The agnostic recipe for accepting religious teachings without cognitive dissonance:

  1. Read sacred texts with care. Take notes. 
  2. Acknowledge human authorship of said texts in historical context
  3. Separate and discard practices and behaviour reliant on belief in omniscience, omnipotence or omnipresence. 
  4. Separate and discard practices and behaviour which denigrate any group of people as “less than,” or “unclean” on the basis of any criteria. Criteria may includes, but are not limited to: age, sex, gender, sexual orientation, body shape, skin pigmentation, native language, hair colour, hair length, tattoos or lack thereof… No, really… anything.
  5. Separate and discard practices and behaviour based on lack of refrigeration, understanding of biology, proper hygiene, and or physics (see point 2)
  6. Separate and discard practices and behaviour reliant on higher authority. This includes reliance on gurus, Imams, Priests, monks, and or keepers of the sacred colander.
  7. Ask self: “Self, does this teaching make me want or try to be better person without hurting anyone?”
  8. Season with salt and pepper
  9. Serve warm

8 thoughts on “The agnostic recipe for accepting religious teachings without cognitive dissonance:

  1. Part of the “historical context” of “sacred texts” is understanding that when you are reading ancient texts you are rarely reading the originals in the original languages, or even copies of the originals in the original languages.  You are most often reading translations, and the critical thing to understand about that is that translators are not copying the original text, they are moving the text from it’s original context, into a new context.

    That context may be the historical and cultural context of the author of the translation or it may be the historical and cultural context of the language of translation.  Regardless of the specifics it is a completely new historical and cultural context, even if an attempt is made to maintain the original historical and cultural context.  That context will inevitably include all kinds of bias, nuance and information not inherent in the original text.

    A translation is it’s own distinct work, quite separate from the original.  It should be inspired by the original, it may even be as faithful as possible to the original, but it is not the original.  It is also worth noting that this comment is not directed primarily at agnostics and atheists, but at “true believers” such as I once was, who assign the authority of deity to the religious texts that they read.

    It is a mistake to assume that any text created by a human is infallible, it is an even bigger mistake to assume that a translation of a text is also infallible.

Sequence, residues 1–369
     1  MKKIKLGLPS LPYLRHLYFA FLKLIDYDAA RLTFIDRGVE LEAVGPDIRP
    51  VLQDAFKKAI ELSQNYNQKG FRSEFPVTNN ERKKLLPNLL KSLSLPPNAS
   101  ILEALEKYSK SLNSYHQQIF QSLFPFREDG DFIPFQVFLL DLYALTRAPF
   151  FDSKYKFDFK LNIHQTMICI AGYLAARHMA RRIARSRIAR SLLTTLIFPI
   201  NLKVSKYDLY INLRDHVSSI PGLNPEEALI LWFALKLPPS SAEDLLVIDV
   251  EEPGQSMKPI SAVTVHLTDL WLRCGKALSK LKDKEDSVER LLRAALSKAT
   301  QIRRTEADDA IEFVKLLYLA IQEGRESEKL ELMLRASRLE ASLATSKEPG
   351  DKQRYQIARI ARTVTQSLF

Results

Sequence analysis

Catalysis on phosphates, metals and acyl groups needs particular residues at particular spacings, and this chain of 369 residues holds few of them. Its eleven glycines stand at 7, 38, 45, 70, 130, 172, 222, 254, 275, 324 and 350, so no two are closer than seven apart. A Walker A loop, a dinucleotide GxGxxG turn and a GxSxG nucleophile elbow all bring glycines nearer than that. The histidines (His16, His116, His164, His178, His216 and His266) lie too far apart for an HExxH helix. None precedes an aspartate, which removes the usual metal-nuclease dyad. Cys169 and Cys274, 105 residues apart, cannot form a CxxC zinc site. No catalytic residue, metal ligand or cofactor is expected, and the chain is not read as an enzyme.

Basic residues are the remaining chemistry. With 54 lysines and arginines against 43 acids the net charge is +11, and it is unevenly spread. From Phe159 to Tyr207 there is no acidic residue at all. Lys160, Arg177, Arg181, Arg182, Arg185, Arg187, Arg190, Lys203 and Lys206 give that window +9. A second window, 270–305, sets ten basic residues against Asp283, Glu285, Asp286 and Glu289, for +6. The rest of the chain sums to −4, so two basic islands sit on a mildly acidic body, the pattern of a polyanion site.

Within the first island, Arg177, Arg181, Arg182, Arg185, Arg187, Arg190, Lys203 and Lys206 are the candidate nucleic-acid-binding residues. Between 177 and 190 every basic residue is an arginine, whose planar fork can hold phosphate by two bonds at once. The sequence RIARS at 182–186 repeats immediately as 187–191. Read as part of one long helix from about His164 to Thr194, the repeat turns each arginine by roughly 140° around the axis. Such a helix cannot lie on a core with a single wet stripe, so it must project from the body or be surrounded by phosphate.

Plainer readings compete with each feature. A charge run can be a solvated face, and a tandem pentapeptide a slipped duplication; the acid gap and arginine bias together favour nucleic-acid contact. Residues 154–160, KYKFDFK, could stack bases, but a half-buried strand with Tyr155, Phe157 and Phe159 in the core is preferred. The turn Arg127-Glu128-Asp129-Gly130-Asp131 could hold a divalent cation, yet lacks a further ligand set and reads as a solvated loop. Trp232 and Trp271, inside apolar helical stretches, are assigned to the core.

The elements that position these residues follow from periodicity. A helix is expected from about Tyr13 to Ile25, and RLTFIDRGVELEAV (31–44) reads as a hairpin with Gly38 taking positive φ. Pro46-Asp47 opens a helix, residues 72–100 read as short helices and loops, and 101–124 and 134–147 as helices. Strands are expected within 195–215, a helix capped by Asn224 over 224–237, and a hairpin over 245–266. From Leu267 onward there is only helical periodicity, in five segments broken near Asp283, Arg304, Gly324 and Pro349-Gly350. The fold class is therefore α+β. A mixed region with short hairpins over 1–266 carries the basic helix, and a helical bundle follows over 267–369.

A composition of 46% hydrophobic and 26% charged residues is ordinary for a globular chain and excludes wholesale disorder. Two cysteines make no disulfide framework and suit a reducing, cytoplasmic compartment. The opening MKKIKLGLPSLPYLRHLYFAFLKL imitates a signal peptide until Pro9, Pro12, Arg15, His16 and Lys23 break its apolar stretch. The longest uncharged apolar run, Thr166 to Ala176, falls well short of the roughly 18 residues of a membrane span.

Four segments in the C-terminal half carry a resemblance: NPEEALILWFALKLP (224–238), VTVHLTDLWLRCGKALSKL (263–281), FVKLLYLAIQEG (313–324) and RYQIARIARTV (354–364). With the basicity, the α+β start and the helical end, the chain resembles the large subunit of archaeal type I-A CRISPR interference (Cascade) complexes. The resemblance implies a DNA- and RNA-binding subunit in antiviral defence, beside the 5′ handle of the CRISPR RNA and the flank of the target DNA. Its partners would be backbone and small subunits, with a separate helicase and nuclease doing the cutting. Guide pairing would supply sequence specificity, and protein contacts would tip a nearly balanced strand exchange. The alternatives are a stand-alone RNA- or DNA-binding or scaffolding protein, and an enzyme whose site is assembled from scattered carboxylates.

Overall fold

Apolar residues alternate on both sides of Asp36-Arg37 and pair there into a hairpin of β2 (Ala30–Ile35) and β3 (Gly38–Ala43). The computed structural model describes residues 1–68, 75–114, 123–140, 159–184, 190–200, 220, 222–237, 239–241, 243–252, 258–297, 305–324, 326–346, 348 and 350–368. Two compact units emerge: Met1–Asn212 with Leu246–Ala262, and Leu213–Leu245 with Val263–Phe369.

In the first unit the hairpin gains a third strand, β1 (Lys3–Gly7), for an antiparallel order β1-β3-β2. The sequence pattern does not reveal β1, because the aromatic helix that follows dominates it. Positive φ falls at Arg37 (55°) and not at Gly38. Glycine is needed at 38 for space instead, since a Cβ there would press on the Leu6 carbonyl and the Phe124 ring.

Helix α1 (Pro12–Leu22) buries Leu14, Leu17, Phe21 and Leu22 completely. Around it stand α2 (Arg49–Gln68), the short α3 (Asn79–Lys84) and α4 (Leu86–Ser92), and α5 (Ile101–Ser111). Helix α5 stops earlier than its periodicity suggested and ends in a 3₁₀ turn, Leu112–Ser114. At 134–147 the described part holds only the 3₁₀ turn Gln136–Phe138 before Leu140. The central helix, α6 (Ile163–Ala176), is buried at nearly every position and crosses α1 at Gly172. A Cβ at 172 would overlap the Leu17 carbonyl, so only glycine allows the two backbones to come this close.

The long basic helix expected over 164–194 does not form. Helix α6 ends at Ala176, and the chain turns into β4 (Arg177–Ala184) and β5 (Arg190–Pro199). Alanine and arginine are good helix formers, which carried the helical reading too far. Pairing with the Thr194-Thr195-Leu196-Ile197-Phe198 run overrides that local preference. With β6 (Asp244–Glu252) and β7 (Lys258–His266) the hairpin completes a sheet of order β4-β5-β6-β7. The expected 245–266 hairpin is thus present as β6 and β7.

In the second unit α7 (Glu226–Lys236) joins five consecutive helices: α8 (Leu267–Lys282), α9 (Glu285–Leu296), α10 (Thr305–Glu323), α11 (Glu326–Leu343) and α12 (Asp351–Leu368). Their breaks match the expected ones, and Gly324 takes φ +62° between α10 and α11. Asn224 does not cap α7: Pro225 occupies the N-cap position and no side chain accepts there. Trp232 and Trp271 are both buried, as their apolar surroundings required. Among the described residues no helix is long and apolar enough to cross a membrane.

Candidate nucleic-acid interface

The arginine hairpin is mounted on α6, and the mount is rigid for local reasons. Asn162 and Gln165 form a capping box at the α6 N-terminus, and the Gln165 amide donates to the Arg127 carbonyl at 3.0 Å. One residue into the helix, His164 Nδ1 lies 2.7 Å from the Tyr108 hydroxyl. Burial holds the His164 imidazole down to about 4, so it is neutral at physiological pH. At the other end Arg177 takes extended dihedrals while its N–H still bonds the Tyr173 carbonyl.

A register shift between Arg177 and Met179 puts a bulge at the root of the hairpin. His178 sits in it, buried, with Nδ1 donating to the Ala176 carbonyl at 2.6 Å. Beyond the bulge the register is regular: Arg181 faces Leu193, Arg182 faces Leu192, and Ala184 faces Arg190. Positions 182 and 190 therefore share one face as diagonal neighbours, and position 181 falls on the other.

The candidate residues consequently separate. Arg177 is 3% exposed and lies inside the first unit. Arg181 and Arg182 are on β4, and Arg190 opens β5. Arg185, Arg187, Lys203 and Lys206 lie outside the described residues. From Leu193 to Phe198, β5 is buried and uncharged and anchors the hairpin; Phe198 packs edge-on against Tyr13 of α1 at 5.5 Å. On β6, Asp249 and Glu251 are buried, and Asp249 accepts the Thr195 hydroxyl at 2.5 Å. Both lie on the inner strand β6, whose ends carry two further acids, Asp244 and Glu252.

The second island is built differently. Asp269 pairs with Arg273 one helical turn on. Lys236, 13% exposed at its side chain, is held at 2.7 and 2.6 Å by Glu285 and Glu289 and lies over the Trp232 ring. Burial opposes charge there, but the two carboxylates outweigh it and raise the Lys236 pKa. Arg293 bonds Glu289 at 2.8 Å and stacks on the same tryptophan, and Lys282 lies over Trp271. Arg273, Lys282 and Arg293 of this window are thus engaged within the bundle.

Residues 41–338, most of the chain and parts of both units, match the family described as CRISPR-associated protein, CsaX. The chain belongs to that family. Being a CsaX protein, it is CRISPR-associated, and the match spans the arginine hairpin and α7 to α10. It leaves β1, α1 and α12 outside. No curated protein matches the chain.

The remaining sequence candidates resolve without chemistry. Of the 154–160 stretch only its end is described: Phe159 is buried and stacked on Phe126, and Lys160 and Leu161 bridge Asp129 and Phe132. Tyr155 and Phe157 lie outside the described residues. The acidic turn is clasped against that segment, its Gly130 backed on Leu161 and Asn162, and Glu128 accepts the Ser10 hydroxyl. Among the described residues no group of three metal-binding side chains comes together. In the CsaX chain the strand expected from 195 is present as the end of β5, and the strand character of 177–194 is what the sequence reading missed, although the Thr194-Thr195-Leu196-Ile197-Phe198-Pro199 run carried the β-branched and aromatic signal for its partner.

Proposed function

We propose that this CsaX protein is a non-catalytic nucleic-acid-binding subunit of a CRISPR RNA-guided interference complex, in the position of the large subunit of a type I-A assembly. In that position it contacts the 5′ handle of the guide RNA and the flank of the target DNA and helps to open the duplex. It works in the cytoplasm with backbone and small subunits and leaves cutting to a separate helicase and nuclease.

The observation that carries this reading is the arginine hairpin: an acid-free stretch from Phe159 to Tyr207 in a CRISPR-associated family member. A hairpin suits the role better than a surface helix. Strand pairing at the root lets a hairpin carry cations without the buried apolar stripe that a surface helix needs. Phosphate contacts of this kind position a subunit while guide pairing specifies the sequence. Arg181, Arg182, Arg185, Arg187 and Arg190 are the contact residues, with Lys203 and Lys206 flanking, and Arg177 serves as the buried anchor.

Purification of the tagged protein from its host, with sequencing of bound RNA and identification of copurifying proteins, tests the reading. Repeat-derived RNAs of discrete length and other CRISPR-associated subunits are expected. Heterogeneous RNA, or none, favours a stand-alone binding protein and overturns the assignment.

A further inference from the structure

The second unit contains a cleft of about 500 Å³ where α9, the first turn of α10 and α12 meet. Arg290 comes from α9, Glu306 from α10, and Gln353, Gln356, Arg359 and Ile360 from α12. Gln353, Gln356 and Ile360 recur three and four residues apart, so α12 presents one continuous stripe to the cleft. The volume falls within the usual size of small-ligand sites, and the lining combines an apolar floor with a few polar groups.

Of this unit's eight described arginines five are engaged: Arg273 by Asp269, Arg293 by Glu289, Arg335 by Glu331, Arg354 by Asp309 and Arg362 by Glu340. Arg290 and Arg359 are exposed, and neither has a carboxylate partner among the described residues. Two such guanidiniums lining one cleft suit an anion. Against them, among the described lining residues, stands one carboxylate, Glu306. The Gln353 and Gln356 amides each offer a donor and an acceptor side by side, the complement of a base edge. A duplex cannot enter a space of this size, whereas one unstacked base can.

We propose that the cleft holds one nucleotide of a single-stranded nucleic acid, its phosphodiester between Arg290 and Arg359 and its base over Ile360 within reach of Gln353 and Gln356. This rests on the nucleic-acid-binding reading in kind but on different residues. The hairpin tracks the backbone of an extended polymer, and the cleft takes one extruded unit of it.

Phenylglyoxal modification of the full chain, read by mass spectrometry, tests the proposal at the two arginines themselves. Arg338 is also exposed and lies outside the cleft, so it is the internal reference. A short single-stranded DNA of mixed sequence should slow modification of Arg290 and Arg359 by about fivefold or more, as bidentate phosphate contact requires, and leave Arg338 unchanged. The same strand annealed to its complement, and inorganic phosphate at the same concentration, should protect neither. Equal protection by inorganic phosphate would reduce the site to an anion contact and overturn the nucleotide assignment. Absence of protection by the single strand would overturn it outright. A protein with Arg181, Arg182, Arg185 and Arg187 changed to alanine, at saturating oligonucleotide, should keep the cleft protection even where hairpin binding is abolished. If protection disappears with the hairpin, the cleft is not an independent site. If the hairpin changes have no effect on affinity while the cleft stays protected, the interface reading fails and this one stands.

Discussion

2. One of the written elements that has very low longevity and is most often impossible to translate, is word play, such as puns.  Many of the puns in Shakespeare’s works depended on the accent that the work was written for.  A friend of mine recently gave a seminar on the use of phallic symbols in the Bible, I believe it was titled “When a Hat Isn’t a Hat”.  The first victim of time and translation is clever comedy.

  3. Prime example:

    Taming of the Shrew is full of more innuendo and double entendres than a modern audience can make sense of when watching the play. I’d say the modern audience ‘gets’ about 1/5th of the jokes. It’s one of the reasons his tragedies tend to be produced more than his comedies– they rely less on historically /culturally contextual word play.

    I studied what I missed in Taming of the Shrew, but that took at least 4 times longer than watching the play, and took me down a weird rabbit hole about why so many plays were set outside of England. Unfortunately, in studying why a line/or scene was a riot in 1594 and falls flat in 2008 takes a lot of the humour out. It’s not just the language shift and accent changes, it’s changes in western social norms. We’re talking a time when protestant beliefs were brand new, and royal censorship was harsh.

    The (English speaking/western cultural) universality isn’t in the nuances of language, but in the plots and characterization. Shakespeare doesn’t translate well, but it adapts well, even in comedy (think 10 Things I hate about you–whatever you personally feel about teen romances, it grossed well at box office, second only to the Matrix at the time).

    Back to accent….You Want Shakespeare with the right accent and cadence? ask someone from one of the smaller coves in Newfoundland–it will be the closest you’ll get today.

    Friend of my step father, from what Quebec’rs call the “bas du fleuve,” studied French Lit at the Sorbonne in Paris. He came from an isolated French community, with a very heavy accent. Throughout his studies, his Parisian classmates mocked him for that heavy accent, until he got asked to recite some 17th century poetry, then jaws dropped and the prof lit up because it was perfectly spoken and rhyme properly…


  4. Another glaring example of that are what we would consider to be pornographic ancient Greek comedies.  The context in that case would be a culture with completely different views on morality.  That goes well beyond word play.

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